Thursday, November 7, 2013

Peter Bauer:
Reflections on the Vote to Sell 200 Acres of Forest Preserve

Article 14, Section 1 - croppedMuch is already being made about the great victory in passing Proposition 5 – the controversial Constitutional Amendment known as Proposition 5 that was approved by New Yorkers on November 5, 2013 to sell 200 acres of forever wild Forest Preserve in the Jay Mountain Wilderness to NYCO Minerals, Inc., a mining company that plans to incorporate it into its adjacent open pit mine.

I believe that some who are jubilant now will come to rue this day. If Forever Wild can’t be saved from the jaws of a mining company to be clearcut, blasted and mined, then when can it be saved? » Continue Reading.


Thursday, November 7, 2013

DEC Proposes New Invasive Species Rule

invasive_curveThe New York State Department of Environmental Conservation (DEC) is seeking comments on new regulations (6 NYCRR Part 575) entitled “Prohibited and Regulated Invasive Species”. These regulations, once implemented, are expected to help control invasive species by reducing the introduction of new invasives and limiting the spread of existing invasives.

The proposed regulations include a list of prohibited species which shall be unlawful to knowingly possess with the intent to sell, import, purchase, transport or introduce; a list of regulated species which shall be legal to possess, sell, purchase, propagate and transport but may not be knowingly introduced into a free-living state; and require a permit for research, education and other approved activities involving prohibited species and release of regulated species. » Continue Reading.


Wednesday, November 6, 2013

Open Letter:
From Adk Council, ADK and League of Conservation Voters

Entering-Adirondack-ParkWhat follows is an open letter issued today to Adirondack Almanack readers.

Dear Adirondack Almanack Readers:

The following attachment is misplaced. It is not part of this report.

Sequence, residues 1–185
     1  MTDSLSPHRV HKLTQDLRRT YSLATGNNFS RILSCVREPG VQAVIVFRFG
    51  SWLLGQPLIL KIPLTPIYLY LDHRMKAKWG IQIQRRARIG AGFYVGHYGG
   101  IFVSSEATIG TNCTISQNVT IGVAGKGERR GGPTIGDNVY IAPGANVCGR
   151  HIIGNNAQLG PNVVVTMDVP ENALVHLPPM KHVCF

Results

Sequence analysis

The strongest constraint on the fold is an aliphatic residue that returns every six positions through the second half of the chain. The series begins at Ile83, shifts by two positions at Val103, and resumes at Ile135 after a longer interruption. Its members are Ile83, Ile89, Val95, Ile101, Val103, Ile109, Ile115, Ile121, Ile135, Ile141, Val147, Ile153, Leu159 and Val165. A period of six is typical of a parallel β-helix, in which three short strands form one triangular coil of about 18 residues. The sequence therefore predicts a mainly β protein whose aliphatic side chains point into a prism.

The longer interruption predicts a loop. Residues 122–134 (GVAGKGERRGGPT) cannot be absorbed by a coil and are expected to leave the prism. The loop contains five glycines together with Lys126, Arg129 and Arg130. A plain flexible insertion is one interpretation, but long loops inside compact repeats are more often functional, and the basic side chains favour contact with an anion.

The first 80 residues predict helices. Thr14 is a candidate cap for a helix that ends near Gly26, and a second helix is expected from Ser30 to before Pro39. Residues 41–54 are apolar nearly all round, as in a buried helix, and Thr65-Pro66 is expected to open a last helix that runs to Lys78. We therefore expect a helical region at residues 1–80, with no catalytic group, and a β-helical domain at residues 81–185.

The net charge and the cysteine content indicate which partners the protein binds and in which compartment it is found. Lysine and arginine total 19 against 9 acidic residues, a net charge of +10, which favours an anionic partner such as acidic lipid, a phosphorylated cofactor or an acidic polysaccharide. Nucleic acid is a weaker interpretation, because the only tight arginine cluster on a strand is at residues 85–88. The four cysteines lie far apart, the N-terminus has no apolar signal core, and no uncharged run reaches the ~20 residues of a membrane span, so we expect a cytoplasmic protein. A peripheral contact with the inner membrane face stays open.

Voters reaffirmed that the Adirondack Park belongs to all New Yorkers. Proposition 4 (Township 40) was approved by a wide margin. Voters also approved Proposition 5 that expands the Jay Mountain Wilderness as part of a land swap with the NYCO mineral company. The approval of this constitutional amendment expands access to all sides of the Jay Mountain Wilderness and adds important new resources to the Forest Preserve.

Election results show that New Yorkers care deeply about the Adirondack Park.  Clearly the Adirondack Council, Adirondack Mountain Club, and the New York League of Conservation Voters’ collaboration with local governments, unions, and property owners can produce victories and results that benefit the Forest Preserve and communities. » Continue Reading.


Wednesday, November 6, 2013

Environmental Journalist Elizabeth Kolbert Event Planned

kolbertAs the fall weather heads toward winter, join Elizabeth Kolbert for a conversation on climate change in our area. Kolbert is a reporter and author of the new book The Sixth Extinction: An Unnatural History. S he’ll speak at 7PM on November 14th, in the Adirondack Room of the Joan Weill Library at Paul Smith’s College.

Kolbert published Field Notes from a Catastrophe: Man, Nature, and Climate Change in 2005, in which she followed scientists and residents of high latitudes to report a local and global climate portrait. This time, she’s using the same journalistic savvy to investigate our effects on biodiversity. » Continue Reading.


Tuesday, November 5, 2013

Essex Chain Classification On Hold

Essex ChainWhen the Adirondack Park Agency board meets next week, it will not be voting on a question that has been the subject of public controversy for months: the classification of 21,200 acres of former Finch, Pruyn & Company lands.

“There will be no action on Finch at this month’s meeting,” APA spokesman Keith McKeever told Adirondack Almanack. » Continue Reading.


Tuesday, November 5, 2013

Conference: ‘Ideas For A Better Park’

 

crowd-conf2Now in its forty-second year, the Adirondack Park Agency is facing a critical time of public evaluation. Has it fulfilled its original mandate to protect millions of woodland acres and thousands of miles of waterways in the Adirondacks? Or has it fallen short, pressured by development interests and weakened by outdated regulations and inadequate funding?

These questions will not be put to rest easily, if ever. Local governments, developers, state authorities, environmentalists, and ordinary citizens will continue to struggle with competing interests and old grudges even as they face a growing number of challenges.